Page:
Olens, Teilhet, & Wood on Wilson

Sounds like a law firm, doesn’t it?

Who would have predicted over five years ago that our future leaders would still be talking about Genarlow Wilson? Such is the case. The Democratic and Republican candidates for Attorney General were asked how they would have handled the Wilson situation this past Tuesday night during a Southern Polytechnic State University sponsored debate.

Preston Smith and Ken Hodges apparently were not present, but the other three candidates all took slightly different approaches to the question:

Former US Attorney for the Middle District of Georgia, Max Wood indicated Baker did the right thing.

“What you do is you follow the law,” Wood said.

“That’s what Thurbert Baker did, and I think he did the right thing. I don’t think you make a decision based on popularity. I don’t think it matters where the resistance comes politically, whether they’re black, white, ministers or laity. You look at the law and do what you think is right. He was defending the Georgia laws that existed at that time, I think he did the right thing. I agree with what he did,” Wood said.

The lone Democrat and State Representative Teilhet took the opposing stance, indicating that Baker’s actions were not appropriate.

“I absolutely would not have filed that petition to keep that young man in jail. I just wouldn’t have done it,” Teilhet said.

“Ten years was completely disproportionate to what happened,”

Sam Olens, the former ARC Chairman and other Republican present, arrived at the same result as Teilhat – but with a more nuanced approach.

“That was a discretionary appeal. In my judgment, the appeal should not have occurred on the habeas petition. In my judgment, when you look at the proportionality of the sentence, the appeal should not have occurred,” Olens said.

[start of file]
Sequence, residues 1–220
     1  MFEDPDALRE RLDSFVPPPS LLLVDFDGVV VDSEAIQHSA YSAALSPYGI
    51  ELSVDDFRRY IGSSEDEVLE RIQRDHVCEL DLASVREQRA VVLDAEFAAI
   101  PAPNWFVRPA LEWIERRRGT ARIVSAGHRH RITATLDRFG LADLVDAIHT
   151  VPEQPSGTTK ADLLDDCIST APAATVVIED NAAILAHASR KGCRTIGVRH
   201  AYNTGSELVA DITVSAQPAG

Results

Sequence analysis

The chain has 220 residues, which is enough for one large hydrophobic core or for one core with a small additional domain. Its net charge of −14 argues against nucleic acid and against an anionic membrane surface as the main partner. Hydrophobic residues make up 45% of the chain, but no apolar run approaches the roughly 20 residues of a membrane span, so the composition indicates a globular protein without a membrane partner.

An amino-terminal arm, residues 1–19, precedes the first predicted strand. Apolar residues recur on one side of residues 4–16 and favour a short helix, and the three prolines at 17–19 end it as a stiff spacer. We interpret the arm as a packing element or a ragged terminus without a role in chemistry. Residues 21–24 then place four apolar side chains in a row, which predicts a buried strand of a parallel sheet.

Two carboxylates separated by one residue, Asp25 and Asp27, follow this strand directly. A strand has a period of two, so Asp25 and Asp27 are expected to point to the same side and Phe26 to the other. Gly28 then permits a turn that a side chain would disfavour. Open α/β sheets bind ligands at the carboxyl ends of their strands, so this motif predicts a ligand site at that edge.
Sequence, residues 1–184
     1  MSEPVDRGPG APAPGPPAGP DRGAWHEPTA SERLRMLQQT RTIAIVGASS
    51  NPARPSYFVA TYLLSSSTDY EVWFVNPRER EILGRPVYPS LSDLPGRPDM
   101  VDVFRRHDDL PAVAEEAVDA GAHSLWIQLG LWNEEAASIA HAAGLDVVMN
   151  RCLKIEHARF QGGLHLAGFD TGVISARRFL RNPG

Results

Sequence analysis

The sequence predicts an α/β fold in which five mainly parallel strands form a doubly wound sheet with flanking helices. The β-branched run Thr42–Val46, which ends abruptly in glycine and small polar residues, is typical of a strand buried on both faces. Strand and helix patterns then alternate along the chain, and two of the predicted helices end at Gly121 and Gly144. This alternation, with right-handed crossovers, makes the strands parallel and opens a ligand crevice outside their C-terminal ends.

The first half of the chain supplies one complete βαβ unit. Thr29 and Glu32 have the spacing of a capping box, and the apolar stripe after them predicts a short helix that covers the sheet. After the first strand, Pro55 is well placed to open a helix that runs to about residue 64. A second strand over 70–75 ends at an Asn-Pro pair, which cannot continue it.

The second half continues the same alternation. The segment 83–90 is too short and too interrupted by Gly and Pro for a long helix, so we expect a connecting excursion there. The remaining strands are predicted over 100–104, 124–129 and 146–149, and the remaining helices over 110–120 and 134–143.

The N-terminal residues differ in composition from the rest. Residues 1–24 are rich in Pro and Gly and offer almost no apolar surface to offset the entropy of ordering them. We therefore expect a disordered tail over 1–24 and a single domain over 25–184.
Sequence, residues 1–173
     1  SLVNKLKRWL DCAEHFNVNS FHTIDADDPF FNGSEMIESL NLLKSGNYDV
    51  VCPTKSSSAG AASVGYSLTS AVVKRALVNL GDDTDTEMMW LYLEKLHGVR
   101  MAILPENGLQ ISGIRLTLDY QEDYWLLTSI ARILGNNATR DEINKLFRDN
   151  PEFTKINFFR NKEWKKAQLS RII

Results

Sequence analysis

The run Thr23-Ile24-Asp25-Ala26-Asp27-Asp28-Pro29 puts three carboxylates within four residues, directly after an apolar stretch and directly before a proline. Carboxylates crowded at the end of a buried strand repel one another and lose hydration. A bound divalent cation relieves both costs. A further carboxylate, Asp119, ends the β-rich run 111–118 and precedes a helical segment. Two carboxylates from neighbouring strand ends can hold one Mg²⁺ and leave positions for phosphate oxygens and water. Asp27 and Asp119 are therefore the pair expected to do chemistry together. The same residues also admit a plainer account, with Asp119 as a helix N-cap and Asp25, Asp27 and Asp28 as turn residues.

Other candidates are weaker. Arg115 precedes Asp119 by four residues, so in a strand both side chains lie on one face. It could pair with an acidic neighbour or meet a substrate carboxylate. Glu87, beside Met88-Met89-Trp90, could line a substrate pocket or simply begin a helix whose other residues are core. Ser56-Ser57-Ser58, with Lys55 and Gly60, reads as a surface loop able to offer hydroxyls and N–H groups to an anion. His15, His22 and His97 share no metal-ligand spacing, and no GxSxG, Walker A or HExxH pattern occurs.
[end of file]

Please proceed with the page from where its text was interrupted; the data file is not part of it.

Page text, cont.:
Olens said there is a larger issue for Baker in that case, and that was his “total failure” to communicate what he was thinking.

“When the ministers went up to him and said, ‘why are you doing what you’re doing?’ he told them he was the attorney general,” Olens said.

You can read the full story in The Marietta Daily Journal.

8 comments

  1. HowardRoark says:

    Lawyers are worse then economist. Put 3 in a room and get 6 opinions.

    Good point, though Ron. I’d forgotten all about Genarlow Wilson. I’m sure this is a much bigger issue on the (D) side than the (R), however.

  2. Doug Deal says:

    Wood’s answer is at the core of why i decided to support him. He seems to understand that it is the legislature that makes the laws not the attorney general or the courts.

    If you do your job properly, you should sometimes be disgusted with the result because it is not up to you to determine the laws of the state.

    Plus, this case is a perfect example to demonstrate Olens’s lack of experience for the job. His reply sounded like a poor student being asked a difficult question so they just restate a bunch of buzz words to make them sound like they know something.

    At every opportunity he says how criminal law experience is not neccessary for the job, because so much of the work is civil. Clearly that is not true.

    A habeus petition is considered civil, even though it comes out of a criminal case. Lots of things happen in criminal cases that have “civil” implications attached to them, but they are still criminal at their very core. Of course there are not many habeus petitions when suing doctors and small business owners for malpractice and person injury case.

    The voters of the state can choose to turn the AG office into a stepping stone for Olens, who has always dreamed of higher office and in reality would rather be running for governor, but can’t because of that experience and credibility thing. Their other options is to turn the office around by electing Wood who has basically already done the job for 8 years as a US Attorney.

  3. JDW says:

    Max Wood hit the nail on the head. He is absolutely right. An attorney’s job is to go where the law takes you. It is the duty of the Attorney General to enforce the laws of Georgia. Sorry Olens, wrong again.

    • Doug Deal says:

      Well, he’s learned from the Ox, “you sometimes have to pander to the crowd”.

      Oh wait, I mean “always have to pander to the crowd.”

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